I Love Unfinished And Broken Games

I Love Unfinished And Broken Games
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I’ve been playing a lot of incomplete and glitchy games lately, from Radical Heights to Far Cry 2. Their messy imperfections often annoy players looking for sleek and polished experiences where everything runs smoothly but I find unfinished textures and falling out of bounds is strangely beautiful.

When Final Fantasy XV’s demo Episode Duscae released in June 2015, it didn’t take players long to find hidden places in the world where they weren’t meant to go. Using cars to knock them beyond seemingly impassable barriers, players were able to sneak further into the centre of the map.

I was one of the players exploring those hidden depths. The game world begins to fracture as you get closer to the middle of the map, textures failing to load and seemingly solid ground losing collision. If you follows the right path, you can walk right up to the giant Astral being Titan who holds up a meteor above the ground.

His character model is hardly textured, his skin a blur of ill defined brown. Seeing Titan early felt special. It was intimate and personal, a moment where the illusion broke down and I saw the game for what it was: a collection of assets and fragile code.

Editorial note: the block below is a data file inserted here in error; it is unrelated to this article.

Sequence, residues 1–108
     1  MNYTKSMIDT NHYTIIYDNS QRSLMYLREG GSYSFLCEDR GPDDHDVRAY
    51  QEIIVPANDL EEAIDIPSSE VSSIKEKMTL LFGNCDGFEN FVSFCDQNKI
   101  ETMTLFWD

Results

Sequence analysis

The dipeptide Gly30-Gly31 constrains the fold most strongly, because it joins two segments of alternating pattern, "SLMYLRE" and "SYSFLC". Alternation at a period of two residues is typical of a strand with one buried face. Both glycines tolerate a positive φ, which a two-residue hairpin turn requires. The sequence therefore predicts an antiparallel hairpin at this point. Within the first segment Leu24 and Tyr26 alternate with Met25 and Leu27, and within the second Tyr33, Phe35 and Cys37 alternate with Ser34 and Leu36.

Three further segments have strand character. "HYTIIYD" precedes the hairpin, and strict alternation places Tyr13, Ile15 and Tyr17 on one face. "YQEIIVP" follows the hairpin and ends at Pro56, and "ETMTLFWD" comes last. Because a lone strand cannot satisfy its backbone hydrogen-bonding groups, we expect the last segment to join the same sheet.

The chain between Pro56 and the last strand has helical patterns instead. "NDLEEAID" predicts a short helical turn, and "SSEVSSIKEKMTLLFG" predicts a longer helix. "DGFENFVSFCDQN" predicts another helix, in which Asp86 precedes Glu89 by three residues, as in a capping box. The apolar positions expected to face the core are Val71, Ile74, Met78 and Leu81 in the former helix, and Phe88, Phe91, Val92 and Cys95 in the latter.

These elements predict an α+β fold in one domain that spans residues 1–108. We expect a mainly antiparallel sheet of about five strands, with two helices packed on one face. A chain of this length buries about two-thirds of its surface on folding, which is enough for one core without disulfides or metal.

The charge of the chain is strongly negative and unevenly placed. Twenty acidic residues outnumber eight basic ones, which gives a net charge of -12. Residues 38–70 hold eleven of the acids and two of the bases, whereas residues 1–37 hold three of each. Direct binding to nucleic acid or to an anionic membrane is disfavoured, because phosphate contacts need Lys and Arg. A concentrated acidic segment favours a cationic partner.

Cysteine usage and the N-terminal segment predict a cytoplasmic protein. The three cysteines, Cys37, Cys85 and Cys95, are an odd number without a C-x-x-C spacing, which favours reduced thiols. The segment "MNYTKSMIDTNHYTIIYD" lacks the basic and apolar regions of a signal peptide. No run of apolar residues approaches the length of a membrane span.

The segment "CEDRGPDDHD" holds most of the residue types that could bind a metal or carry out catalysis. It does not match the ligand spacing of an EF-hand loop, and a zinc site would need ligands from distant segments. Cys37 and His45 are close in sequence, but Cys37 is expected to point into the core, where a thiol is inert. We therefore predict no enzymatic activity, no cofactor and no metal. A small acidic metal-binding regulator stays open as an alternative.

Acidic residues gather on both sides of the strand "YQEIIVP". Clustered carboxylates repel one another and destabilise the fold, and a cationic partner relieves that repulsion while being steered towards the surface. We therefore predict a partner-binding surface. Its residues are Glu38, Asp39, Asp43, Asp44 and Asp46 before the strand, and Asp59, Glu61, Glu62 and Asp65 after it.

Early access and beta testing makes these imperfections readily apparent and the result are wonderful, half-formed worlds. Radical Heights, which is in ‘X-treme Early Access,” isn’t necessarily fun to play yet but it is fascinating to explore.

The battle royale takes place in an incomplete and broken world where grey-box houses have immaculately green front yards and where stairs are visible but don’t always work. There’s a roughness and unpredictability that, love it or hate, is still interesting.

This holds true for PlayerUnknown‘s Battlegrounds newest map, Savage, which is currently playable on a closed experimental server. It’s a hodge-podge of finished and unfinished assets and I love how messy it is.

Look at this gazebo. Look at this hard edged and textureless piece of game design. When the map officially releases, that version the gazebo will be replaced with something detailed and believable but I’ll always remember this one. It reminds me of the people making the game, of the artists and coders and model makers.

Seeing it connects me to the creative process that makes PUBG possible to begin with. The same is true for Radical Heights; wandering the grey-box neighbourhoods feels like I’m seeing some sort of secret that will eventually get painted over and forgotten.

Games present fictional worlds for us to experience and we accept them as real so long as their rules are consistent and the space detailed enough. Skyrim is a fantasy world with elves and dragons but players treat it as something of a real place with lush forests and gravity that makes their arrows arc. But Skyrim is also notoriously glitchy and broken.